AP August 25, 2018, 6:16 PM Hawaii wins U.S. championship at Little League World Series

Starting pitcher Aukai Kea #23 of the West Region from Hawaii celebrates getting the final out during their 3-0 win over the Southeast Team of Georgia during the U.S. Championship game of the Little League World Series at Lamade Stadium on August 25, 2018 in South Williamsport, Pennsylvania.

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SOUTH WILLIAMSPORT, Pa. — Aukai Kea struck out 15 while throwing a complete game as Hawaii went ahead on a pinch-hit single by John De la Cruz and defeated Georgia 3-0 to advance to the Little League World Series championship on Saturday. Hawaii, the U.S. champion, will play South Korea on Sunday after the Asia-Pacific regional champs defeated Japan 2-1 earlier in the day.

De la Cruz's hit broke a scoreless tie in the fourth inning. Hawaii added the game's final two runs in the fifth, on an RBI triple from Bruce Boucher, followed by Jace Souza's run-scoring single.

Eight days after striking out 10 Georgia batters in 6 1/3 shutout innings, Kea struck out the side in three of the first four innings Saturday, and a batter in all six.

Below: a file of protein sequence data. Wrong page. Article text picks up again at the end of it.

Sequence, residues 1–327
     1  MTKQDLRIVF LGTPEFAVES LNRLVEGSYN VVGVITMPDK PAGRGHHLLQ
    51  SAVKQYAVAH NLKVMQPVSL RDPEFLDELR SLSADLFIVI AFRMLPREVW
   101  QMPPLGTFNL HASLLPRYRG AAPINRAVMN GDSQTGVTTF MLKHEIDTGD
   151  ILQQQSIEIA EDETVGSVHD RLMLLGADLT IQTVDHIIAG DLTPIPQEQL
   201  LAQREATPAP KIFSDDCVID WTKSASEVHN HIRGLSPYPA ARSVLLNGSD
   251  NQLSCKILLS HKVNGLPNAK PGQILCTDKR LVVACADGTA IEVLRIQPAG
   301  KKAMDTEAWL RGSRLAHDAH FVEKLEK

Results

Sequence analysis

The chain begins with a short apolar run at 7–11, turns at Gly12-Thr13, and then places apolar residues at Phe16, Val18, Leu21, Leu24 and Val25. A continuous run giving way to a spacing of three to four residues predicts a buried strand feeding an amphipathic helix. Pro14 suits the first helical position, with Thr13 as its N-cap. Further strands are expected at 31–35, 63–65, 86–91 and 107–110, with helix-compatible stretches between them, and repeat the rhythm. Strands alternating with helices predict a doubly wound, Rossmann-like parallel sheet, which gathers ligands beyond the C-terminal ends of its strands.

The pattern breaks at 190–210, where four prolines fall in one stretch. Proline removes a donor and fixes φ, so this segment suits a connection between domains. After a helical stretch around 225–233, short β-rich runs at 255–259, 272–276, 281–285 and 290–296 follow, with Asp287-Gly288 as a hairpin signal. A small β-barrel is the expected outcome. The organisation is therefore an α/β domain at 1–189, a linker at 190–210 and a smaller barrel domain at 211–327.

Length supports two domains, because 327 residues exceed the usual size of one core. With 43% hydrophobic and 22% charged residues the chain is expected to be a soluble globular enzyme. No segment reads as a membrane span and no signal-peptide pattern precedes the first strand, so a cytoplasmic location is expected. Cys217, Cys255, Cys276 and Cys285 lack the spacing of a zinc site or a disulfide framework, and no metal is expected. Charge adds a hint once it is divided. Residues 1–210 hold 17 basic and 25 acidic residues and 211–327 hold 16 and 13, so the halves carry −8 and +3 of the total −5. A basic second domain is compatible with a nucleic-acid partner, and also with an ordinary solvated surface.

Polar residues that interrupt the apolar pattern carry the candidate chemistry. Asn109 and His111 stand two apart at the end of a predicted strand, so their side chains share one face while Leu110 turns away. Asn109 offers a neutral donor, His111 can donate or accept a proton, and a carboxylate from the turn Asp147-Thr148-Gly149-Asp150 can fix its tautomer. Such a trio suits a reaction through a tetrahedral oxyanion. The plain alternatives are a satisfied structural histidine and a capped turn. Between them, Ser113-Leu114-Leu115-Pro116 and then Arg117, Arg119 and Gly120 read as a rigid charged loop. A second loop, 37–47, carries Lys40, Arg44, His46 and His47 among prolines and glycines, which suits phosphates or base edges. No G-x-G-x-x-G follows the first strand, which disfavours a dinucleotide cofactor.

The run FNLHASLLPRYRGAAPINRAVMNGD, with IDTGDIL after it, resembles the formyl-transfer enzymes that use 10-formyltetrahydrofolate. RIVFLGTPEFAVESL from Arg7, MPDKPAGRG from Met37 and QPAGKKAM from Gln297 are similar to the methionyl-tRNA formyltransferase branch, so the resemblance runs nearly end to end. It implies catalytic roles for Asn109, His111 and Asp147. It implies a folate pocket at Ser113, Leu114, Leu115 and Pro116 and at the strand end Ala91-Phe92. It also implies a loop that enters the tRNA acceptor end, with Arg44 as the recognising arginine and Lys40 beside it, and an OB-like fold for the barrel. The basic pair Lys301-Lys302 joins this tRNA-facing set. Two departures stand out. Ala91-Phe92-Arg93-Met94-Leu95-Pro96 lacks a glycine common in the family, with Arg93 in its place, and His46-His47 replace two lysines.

Over two games at the double-elimination tournament, Georgia played 17 innings against Hawaii but was held scoreless. Much of that was due to Kea, who also hit a walk-off, two-run homer to end the teams' 11-inning game last week.

Earlier this week, Hawaii manager Gerald Oda told his team that "we're the hope" as then-Category 5 Hurricane Lane approached the state, CBS Sports reports. After beating Staten Island on Wednesday, Oda sent an emotional message to the fans back home.

"We told the boys that what they're …" Oda said before he had to pause to compose himself. "What they're going through is very difficult — we've been there — all of us have been there when these storms have come. And it can be chaotic, it's a lot of stress. But we told the kids that … this is our opportunity to really give back. Because we know that there's a lot of people at home watching the game. And we said that if anything, for them to watch us, we can give them hope. They can take their mind off. And that's what we hope it did."

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